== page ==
We have also published an NMA examining the relative efficacy of licensed drugs for IBS with constipation, including lubiprostone, linaclotide, tenapanor, and plecanatide.5  This demonstrated that all drugs were more effective than placebo, but none was superior to any other on indirect comparison. Linaclotide was the top-ranked treatment, performing well across a range of endpoints, including a composite endpoint of an increase in the number of complete spontaneous bowel movements and improvement in abdominal pain. Finally, we conducted an NMA examining “traditional” therapies for IBS, such as soluble fibre, antispasmodics, peppermint oil, and antidepressants.6  Our findings suggested that peppermint oil may be best for treating global IBS symptoms, whereas tricyclic antidepressants may be best for treating abdominal pain. Both of these NMAs have been published elsewhere.

Overall, NMA is a useful technique for informing an evidence-based approach to managing IBS, and other gastrointestinal conditions, because it allows comparative efficacy to be estimated where few head-to-head trials exist. However, it is not without its own limitations. It cannot overcome bias that might be present in any of the included studies, and there may still be problems with statistical heterogeneity from pooling data. Moreover, we must be careful not to over-interpret treatment rankings; these should serve as a guide only, rather than a definitive pronouncement on the “best” treatment. Nevertheless, until such time as RCTs in IBS follow the example of trials in inflammatory bowel disease and begin to compare newer treatments with existing ones, it is probably the only means of gauging the relative efficacy of therapies for IBS, as we endeavour to offer the highest quality care to our patients with this chronic, and frequently debilitating, condition.”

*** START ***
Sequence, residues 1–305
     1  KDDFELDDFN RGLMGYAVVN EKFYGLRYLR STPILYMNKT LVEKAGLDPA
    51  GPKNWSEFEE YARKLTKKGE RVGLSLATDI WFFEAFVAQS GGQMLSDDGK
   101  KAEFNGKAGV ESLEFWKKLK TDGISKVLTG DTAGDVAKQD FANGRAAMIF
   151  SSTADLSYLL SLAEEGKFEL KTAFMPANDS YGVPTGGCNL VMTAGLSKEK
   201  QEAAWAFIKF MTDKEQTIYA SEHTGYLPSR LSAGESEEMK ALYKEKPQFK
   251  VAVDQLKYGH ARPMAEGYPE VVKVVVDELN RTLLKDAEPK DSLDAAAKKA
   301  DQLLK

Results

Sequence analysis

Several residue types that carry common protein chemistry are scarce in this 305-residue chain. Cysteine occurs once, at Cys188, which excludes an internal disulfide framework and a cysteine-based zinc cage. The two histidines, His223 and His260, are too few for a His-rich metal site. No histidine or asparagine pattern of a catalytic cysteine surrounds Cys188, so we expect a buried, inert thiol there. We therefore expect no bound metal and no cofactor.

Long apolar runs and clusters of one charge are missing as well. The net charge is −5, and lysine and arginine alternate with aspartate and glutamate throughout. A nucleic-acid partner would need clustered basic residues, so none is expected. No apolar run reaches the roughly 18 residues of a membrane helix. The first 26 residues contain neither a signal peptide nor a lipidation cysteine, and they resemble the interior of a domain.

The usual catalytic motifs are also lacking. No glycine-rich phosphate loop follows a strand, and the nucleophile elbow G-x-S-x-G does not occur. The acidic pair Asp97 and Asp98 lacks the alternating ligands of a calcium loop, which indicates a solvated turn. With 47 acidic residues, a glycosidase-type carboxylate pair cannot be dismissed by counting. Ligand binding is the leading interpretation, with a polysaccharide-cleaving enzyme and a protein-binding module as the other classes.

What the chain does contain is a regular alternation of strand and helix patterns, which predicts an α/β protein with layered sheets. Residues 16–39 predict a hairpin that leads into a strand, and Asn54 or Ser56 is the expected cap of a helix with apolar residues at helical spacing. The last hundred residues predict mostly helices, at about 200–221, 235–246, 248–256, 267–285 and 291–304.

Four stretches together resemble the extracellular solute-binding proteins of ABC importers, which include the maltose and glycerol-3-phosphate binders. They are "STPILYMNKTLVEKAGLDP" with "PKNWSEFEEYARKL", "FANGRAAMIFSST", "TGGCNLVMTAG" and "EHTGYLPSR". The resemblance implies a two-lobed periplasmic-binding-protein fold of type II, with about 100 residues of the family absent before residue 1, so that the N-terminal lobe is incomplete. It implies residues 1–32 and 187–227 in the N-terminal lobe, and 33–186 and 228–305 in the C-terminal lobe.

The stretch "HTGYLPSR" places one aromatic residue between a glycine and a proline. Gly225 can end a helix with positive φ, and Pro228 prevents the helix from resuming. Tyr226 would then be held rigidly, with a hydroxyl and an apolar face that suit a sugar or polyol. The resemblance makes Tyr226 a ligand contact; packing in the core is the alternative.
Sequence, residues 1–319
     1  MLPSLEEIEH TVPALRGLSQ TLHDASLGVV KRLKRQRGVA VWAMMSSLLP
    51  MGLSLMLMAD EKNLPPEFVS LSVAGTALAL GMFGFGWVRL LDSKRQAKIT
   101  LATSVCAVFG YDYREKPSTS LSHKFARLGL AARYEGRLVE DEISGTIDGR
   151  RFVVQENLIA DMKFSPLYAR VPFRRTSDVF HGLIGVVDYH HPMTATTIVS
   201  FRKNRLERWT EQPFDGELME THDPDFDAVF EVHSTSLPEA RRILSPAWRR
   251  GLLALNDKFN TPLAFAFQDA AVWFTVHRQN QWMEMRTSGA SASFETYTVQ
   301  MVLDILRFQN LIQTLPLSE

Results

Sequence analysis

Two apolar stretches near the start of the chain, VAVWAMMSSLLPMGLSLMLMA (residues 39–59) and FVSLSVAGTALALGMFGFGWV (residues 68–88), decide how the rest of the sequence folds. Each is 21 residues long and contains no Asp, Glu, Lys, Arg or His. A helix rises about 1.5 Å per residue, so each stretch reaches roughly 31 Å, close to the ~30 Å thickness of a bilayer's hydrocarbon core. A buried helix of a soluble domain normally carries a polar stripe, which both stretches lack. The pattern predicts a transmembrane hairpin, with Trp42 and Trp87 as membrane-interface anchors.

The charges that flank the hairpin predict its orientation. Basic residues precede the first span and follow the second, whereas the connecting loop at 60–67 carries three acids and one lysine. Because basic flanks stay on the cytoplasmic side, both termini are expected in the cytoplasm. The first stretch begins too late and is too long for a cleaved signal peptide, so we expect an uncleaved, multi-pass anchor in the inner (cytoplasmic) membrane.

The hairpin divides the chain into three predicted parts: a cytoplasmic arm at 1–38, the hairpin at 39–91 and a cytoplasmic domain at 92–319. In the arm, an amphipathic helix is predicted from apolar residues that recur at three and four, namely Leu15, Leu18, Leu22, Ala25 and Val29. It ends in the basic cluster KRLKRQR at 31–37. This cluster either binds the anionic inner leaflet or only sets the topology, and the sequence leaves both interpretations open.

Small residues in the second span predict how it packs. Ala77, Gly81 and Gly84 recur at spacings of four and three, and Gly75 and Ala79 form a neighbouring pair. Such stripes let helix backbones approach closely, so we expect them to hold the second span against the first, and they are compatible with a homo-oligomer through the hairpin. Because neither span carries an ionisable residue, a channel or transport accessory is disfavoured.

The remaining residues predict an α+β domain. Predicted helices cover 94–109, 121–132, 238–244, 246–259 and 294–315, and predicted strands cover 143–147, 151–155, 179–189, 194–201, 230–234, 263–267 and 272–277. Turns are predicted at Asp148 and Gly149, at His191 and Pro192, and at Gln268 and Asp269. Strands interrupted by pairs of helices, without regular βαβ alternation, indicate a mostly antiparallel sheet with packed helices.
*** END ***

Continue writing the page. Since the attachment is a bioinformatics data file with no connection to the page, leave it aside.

Dr Christopher Black @DrCJBlack

Dr Nick Burr @Nick_Burr1

Professor Alexander Ford @alex_ford12399



 1. Ford AC, Moayyedi P, Chey WD, et al. American College of Gastroenterology Monograph on Management of Irritable Bowel Syndrome. Am J Gastroenterol 2018;113(Suppl 2):1-18.

 2. Black CJ, Burr NE, Camilleri M, et al. Efficacy of pharmacological therapies in patients with IBS with diarrhoea or mixed stool pattern: systematic review and network meta-analysis. Gut 2020;69(1):74-82.

 3. TRITON: Recruiting patients with diarrhoea predominant IBS for a new trial. 2019 [Available from: https://ctru.leeds.ac.uk/triton (Accessed 18/03/2020)]

 4. Black CJ, Thakur ER, Houghton LA, et al. Efficacy of psychological therapies for irritable bowel syndrome: systematic review and network meta-analysis. Gut 2020 doi: 10.1136/gutjnl-2020-321191

5. Black CJ, Burr NE, Quigley EMM, et al. Efficacy of Secretagogues in Patients With Irritable Bowel Syndrome With Constipation: Systematic Review and Network Meta-analysis. Gastroenterology 2018;155(6):1753-63.

 6. Black CJ, Yuan Y, Selinger CP, et al. Efficacy of soluble fibre, antispasmodic drugs, and gut-brain neuromodulators in irritable bowel syndrome: a systematic review and network meta-analysis. Lancet Gastroenterol Hepatol 2020;5(2):117-31.